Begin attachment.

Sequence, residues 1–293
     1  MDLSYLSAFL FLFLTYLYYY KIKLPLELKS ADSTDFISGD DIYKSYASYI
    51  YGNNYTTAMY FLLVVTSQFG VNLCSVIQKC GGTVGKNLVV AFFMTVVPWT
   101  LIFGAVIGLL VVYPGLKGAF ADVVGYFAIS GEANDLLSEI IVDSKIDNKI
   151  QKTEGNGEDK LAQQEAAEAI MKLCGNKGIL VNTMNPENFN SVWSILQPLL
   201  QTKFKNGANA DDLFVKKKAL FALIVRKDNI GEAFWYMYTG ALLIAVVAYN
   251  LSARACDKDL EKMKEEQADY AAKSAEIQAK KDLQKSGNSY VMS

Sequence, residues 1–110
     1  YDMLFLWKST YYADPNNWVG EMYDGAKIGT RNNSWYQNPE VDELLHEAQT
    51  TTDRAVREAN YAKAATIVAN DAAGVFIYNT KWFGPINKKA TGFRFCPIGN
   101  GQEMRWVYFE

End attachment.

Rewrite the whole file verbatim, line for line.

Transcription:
Sequence, residues 1–293
     1  MDLSYLSAFL FLFLTYLYYY KIKLPLELKS ADSTDFISGD DIYKSYASYI
    51  YGNNYTTAMY FLLVVTSQFG VNLCSVIQKC GGTVGKNLVV AFFMTVVPWT
   101  LIFGAVIGLL VVYPGLKGAF ADVVGYFAIS GEANDLLSEI IVDSKIDNKI
   151  QKTEGNGEDK LAQQEAAEAI MKLCGNKGIL VNTMNPENFN SVWSILQPLL
   201  QTKFKNGANA DDLFVKKKAL FALIVRKDNI GEAFWYMYTG ALLIAVVAYN
   251  LSARACDKDL EKMKEEQADY AAKSAEIQAK KDLQKSGNSY VMS

Sequence, residues 1–110
     1  YDMLFLWKST YYADPNNWVG EMYDGAKIGT RNNSWYQNPE VDELLHEAQT
    51  TTDRAVREAN YAKAATIVAN DAAGVFIYNT KWFGPINKKA TGFRFCPIGN
   101  GQEMRWVYFE